When Anna Ancher painted rooms in her family home in Skagen, Denmark, she presented very different images when she associated herself versus her husband with the represented space. Depictions of her artist husband, Michael Ancher, in prosperous surroundings diverge from paintings of her own space, which she presented simply, often devoid of inhabitants or ornamentation.
Interior with Clematis (1913), for example, reduces Anna Ancher’s studio—her only private room—to a table, flowers, and a large window. She leaves the space ambiguous by eliminating both herself and expected objects. In contrast, Ancher depicts her husband surrounded with signifiers of his profession and social status. These differences underscore Anna Ancher’s independence and the modern orientation of her art.
In Ancher’s paintings of Michael, he emerges as a successful, well-fed, bourgeois artist. In Breakfast before the Hunt (1903) he eagerly attacks an ample morning meal. Nearby, his gear signals the imminent excursion, and the dog sits alert in anticipation. Her detailed rendering of the table setting and the upholstery announce Michael’s financial achievement as the provider of a comfortable home. His prosperity is also evident in The New Hunting Boots (1903), where he contentedly stretches his stockinged feet across the big parlor rug. The gold chain of a pocket watch outlines his full, round belly. His boots’ soft, supple leather gleams. Finally, in Ancher’s 1920 portrait of Michael in his spacious studio, he appears with brushes in hand, dressed in vest and coat as if to meet a wealthy client. Giant canvases and heavy furniture surround him. Ancher’s hint of a painted seascape on the wall alludes to the paintings of fishermen that built Michael’s career.
Ancher does not invite viewers to feel the same familiarity with her personal space. Although her studio was adjacent to Michael’s in the house, its character appears opposite. In Evening Sun in the Artist’s Studio (after 1912), her focus on tactilely rendered light indicates neither her profession nor her gender. The modest proportions, austere furnishings, and the absence of painter’s tools obscure Ancher’s celebrity as the 1913 recipient of Denmark’s prestigious Ingenio et Arti award.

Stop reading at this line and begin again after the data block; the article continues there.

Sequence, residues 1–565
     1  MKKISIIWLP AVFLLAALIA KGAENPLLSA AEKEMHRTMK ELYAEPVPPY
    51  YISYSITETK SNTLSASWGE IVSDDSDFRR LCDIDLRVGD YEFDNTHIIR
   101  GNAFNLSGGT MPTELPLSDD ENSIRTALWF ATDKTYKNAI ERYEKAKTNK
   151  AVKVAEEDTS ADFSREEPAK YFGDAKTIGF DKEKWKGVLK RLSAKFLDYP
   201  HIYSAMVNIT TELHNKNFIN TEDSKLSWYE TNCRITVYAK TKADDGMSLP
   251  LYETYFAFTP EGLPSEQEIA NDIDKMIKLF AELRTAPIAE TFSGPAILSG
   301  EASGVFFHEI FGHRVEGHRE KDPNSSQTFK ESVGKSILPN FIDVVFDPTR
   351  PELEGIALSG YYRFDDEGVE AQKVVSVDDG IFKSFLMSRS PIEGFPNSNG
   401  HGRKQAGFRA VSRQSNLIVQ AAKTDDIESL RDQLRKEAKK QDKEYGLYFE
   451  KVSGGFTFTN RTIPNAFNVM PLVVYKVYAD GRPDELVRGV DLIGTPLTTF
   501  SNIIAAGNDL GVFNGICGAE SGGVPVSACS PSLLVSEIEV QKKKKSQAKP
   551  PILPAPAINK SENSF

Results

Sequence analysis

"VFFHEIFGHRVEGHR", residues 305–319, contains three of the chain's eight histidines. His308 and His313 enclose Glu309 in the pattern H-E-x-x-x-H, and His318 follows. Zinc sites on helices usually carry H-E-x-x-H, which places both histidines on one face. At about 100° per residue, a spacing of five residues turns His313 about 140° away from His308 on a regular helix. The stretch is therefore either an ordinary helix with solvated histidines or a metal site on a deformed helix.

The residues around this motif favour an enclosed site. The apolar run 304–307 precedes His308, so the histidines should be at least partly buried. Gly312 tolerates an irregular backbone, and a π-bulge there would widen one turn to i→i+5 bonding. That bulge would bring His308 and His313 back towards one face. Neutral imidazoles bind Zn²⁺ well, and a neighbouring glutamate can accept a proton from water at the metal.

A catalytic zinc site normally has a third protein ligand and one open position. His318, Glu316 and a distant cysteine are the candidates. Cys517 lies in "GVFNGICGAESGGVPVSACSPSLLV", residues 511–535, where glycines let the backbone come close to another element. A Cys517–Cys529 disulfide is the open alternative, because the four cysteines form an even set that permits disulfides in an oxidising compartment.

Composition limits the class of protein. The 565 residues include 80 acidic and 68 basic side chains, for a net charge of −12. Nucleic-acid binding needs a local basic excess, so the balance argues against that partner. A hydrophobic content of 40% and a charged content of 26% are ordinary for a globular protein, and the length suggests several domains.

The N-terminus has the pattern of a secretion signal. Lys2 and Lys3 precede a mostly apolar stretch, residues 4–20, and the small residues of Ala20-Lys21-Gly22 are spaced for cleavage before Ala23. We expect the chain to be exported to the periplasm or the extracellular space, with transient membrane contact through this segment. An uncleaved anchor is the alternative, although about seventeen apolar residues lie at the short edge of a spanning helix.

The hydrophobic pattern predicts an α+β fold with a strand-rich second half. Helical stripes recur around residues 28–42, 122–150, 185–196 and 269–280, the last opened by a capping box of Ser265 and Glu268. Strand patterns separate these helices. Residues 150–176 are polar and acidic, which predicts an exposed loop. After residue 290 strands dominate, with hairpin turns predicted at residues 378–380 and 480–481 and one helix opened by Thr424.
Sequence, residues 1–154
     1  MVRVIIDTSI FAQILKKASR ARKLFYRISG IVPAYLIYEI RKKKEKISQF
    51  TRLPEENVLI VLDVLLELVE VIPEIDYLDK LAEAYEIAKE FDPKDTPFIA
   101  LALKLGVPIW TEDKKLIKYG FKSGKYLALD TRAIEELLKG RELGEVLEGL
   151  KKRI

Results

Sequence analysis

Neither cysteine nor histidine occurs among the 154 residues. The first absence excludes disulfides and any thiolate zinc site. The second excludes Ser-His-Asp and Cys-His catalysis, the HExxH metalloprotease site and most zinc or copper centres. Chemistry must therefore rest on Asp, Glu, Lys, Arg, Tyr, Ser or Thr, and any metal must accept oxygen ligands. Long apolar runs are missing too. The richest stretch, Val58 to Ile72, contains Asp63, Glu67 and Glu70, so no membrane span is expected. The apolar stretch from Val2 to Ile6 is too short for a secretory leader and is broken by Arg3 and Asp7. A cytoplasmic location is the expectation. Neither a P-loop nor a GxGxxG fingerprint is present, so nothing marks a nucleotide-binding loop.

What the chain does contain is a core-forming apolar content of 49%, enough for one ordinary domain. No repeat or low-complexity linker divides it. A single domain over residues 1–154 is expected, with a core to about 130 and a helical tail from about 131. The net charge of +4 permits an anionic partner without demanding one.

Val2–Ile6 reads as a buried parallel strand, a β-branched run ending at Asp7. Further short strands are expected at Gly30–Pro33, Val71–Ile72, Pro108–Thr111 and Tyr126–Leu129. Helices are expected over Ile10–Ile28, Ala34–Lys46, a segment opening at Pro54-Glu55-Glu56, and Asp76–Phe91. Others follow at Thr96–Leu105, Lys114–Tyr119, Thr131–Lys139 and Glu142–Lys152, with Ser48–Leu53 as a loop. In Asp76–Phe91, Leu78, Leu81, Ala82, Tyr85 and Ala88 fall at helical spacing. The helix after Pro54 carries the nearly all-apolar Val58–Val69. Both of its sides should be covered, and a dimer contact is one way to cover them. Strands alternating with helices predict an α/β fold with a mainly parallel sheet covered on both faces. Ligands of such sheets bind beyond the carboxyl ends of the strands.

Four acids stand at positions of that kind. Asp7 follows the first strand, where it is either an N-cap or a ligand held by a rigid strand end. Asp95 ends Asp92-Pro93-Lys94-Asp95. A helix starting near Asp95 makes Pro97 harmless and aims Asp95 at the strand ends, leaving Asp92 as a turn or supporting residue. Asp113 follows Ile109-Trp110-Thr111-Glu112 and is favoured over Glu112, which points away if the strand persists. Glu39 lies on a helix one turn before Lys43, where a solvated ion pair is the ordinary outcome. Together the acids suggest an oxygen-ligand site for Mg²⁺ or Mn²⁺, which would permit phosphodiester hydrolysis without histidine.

In creating these images, Ancher implies that her role is observer, rather than subject. While Ancher signified Michael’s bourgeois masculinity, she omitted references to herself as his female counterpart, imperceptibly reversing gender roles. Like most middle-class males in this period, Michael could traverse freely the boundaries separating the public arena from the private zones of the home.¹ Ancher’s letters reference Michael’s travels while she remained in Skagen; her own trips abroad were always in his company.² In these paintings, however, he is home and she is absent.
Ancher’s refusal to define herself in relationship to the home distinguished her from Scandinavian women colleagues. For example, Norwegian Modern Breakthrough author Amalie Skram described feminine spaces with stifling details of shaded lamps, velvet sofas, embellished screens, large stoves and lingering smells.³ Furthermore, Ancher continued to engage professionally in the public sphere, marketing her work through exhibitions and dealers, unlike Marie Krøyer in Skagen or Karin Bergöö Larsson in Sweden. Both those women interrupted their painting practices to produce decorative domestic objects for their homes. Remarkably, Anna Ancher’s physical absence from her representations of home quietly asserted liberation from its traditionally restrictive boundaries.
—Alice Price is a PhD candidate at Temple University, Tyler School of Art. She can be reached at email@example.com.
1. Suzanne Singletary, “Le Chez-Soi: Men ‘At Home’ in Impressionist Interiors,” in Impressionist Interiors ed. Janet McLean (Dublin: National Gallery of Ireland, 2008), 30-51.
2. Lise Svanholm, ed., Breve fra Anna Ancher [Letters from Anna Ancher], Denmark: Gyldendal, 2005, 99-102.
3. See for instance Amalie Skram’s description of Marie Hansen’s house in Constance Ring (Norway, 1888). Trans. Judith Messick with Katherine Hanson (1988; repr. Evanston, IL: Northwestern University Press, 2002), 91.